April gross tax revenue was up almost 4% compared to April 2016 and up almost 2% above the forecast, but it was not nearly enough to put a dent in the estimated $70 million fiscal year budget shortfall.
Year-to-date gross revenues totaled $5.416 billion, up just 0.4%, or $22.5 million compared to the same period in the previous fiscal year. Arkansas’ fiscal year ends June 30. The year-to-date revenue is also $87.5 million below the budget forecast, or down 1.6%, according to Tuesday’s (May 2) report from the Arkansas Department of Finance & Administration (DFA).
Income tax and sales and use tax revenue are the two biggest sources of state funding. Individual income tax revenue for the first 10 months of the fiscal year totaled $2.728 billion, $67.5 million above the same period in the previous fiscal year, but 0.4% below the budget forecast.
Sales and use tax revenue, considered an indicator of consumer spending, totaled $1.942 million year-to-date, up $19.3 million, or just 1% compared to the same period in the fiscal year 2016. The total revenue is also 3.1% below forecast.
Year-to-date corporate income tax revenue totaled $331.7 million, down $61.1 million, and below the budget forecast by 10.6%.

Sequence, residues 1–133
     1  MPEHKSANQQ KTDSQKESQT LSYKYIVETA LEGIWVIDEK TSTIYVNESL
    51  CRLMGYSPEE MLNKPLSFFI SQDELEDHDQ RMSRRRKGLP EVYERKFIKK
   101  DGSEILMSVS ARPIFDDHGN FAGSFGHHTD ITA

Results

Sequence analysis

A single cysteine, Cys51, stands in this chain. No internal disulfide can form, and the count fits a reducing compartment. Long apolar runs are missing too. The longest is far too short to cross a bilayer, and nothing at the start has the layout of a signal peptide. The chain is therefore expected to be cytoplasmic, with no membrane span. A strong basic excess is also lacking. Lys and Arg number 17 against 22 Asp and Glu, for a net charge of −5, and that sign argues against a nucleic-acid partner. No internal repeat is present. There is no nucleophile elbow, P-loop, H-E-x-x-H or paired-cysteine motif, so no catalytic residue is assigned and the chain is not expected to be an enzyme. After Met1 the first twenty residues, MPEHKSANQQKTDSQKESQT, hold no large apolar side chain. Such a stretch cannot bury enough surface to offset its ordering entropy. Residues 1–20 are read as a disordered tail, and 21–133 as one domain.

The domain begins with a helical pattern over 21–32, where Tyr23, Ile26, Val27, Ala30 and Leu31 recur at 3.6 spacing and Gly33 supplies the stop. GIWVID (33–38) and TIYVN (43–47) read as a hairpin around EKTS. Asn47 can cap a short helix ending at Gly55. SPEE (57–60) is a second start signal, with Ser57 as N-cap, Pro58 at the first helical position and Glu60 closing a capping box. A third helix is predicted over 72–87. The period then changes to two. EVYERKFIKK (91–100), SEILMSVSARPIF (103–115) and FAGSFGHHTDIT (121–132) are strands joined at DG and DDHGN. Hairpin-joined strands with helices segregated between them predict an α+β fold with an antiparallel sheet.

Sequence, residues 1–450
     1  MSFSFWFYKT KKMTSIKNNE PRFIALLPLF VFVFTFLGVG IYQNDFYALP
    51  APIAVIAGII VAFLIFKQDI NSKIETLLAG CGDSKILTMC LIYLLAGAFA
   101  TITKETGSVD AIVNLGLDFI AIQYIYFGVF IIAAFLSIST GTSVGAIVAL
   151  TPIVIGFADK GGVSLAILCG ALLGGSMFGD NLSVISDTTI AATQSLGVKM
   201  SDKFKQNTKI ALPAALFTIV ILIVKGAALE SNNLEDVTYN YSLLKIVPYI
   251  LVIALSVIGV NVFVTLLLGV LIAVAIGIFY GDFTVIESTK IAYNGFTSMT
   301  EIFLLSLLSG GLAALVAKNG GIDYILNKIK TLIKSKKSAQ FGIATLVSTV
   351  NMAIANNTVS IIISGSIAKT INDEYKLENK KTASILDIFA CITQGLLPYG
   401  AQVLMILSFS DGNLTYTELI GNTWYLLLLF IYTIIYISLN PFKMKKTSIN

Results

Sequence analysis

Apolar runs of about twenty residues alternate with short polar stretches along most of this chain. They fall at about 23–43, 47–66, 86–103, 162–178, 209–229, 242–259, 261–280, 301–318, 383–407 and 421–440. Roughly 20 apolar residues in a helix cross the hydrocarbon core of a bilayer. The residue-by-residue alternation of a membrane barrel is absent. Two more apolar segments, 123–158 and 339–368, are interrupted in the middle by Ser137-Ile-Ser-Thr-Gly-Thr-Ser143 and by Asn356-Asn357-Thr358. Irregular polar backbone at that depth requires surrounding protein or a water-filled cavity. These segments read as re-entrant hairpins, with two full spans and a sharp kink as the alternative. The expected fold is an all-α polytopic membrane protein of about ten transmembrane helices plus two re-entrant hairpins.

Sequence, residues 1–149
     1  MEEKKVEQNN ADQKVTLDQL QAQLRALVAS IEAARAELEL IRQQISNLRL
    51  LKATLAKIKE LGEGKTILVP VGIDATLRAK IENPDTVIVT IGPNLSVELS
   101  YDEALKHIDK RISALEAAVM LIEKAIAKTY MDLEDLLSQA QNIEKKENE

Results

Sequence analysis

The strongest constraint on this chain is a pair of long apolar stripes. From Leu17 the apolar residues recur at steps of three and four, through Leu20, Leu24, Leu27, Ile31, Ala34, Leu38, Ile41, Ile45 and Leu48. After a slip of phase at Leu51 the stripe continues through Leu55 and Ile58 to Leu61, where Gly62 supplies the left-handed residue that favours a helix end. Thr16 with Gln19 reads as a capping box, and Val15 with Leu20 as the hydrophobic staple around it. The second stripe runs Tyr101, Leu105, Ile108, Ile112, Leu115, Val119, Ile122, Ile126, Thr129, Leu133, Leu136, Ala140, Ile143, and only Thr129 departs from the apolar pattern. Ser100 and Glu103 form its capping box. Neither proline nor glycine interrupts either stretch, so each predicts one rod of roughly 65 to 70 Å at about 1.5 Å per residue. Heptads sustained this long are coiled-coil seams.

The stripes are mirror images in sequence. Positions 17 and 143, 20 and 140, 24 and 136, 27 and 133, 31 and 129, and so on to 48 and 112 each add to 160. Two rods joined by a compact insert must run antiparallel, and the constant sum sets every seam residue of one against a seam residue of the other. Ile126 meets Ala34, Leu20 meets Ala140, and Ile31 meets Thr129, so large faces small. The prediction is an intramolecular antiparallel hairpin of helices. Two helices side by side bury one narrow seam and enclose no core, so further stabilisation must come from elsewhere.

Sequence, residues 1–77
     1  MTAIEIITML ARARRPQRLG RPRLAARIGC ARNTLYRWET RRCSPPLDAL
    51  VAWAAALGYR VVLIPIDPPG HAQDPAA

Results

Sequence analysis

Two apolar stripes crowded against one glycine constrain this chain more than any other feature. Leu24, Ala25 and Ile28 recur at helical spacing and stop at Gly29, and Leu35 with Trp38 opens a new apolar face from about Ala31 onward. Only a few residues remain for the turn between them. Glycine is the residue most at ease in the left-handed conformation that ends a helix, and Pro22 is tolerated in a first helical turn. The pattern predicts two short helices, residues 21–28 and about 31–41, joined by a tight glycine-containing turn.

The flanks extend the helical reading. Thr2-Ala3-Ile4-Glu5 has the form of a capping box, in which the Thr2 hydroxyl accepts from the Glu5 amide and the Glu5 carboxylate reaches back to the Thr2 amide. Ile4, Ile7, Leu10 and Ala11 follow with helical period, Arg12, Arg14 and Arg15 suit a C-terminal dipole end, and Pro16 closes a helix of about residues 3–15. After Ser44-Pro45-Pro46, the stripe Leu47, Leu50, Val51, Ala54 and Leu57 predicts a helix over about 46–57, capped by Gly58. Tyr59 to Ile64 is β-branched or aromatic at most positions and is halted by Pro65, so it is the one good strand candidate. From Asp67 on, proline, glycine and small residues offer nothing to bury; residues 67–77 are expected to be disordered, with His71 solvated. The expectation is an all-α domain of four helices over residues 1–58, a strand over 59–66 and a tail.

Gross tax revenue in April reached $824.3 million, up $30.6 million, or 3.9% compared to April 2016. The April tax revenue was 1.8% above the budget forecast.
Individual income tax revenue in April was $522 million, up 3.3% compared to April 2016, but 1.8% below forecast. Sales and use tax revenue was $190.2 million in April, down 1.3% compared to April 2016, and below the monthly forecast by 5.5%. Falling below the forecast for the two categories resulted in a $15.2 million loss for the state.
Making up that loss was a April corporate income tax of $78 million, up $22.1 million compared to April 2016 and up $31.7 million above the budget forecast.
“Results in April were positively impacted by a change in Corporate tax filing due dates compared to the monthly forecast. The timing shift involved Corporate Returns and Extension payments previously due in March and shifted to April in federal and adopted state law. The two filing categories involved in the positive shift into April are up $22.3 million from a year ago and $33.8 million compared to forecast,” John Shelnutt, director of Economic Analysis and Tax Research at DFA, noted in his April revenue report.
The dour revenue reports are part of what prompted Gov. Asa Hutchinson and the Arkansas Legislature to push during an ongoing special session for a rainy day fund. On Monday, after Gov. Hutchinson gave his opening speech ahead of the three-day session, Sen. Jim Hendren, R-Gravette, introduced Senate Bill 5 that would transfer funds of $105 million from the Arkansas Health Century Trust Fund to the newly created Long Term Reserve Fund. Legislative leaders are hoping to wrap up the session on Wednesday.
OTHER TAX REVENUE SOURCES
July-April 2017: $44.5 million
July-April 2016: $43.9 million
Games of skill
July-April 2017: $49.5 million
July-April 2016: $46 million
July-April 2017: $181.2 million
July-April 2016: $183.9 million
July-April 2017: $62.1 million
July-April 2016: $62.8 million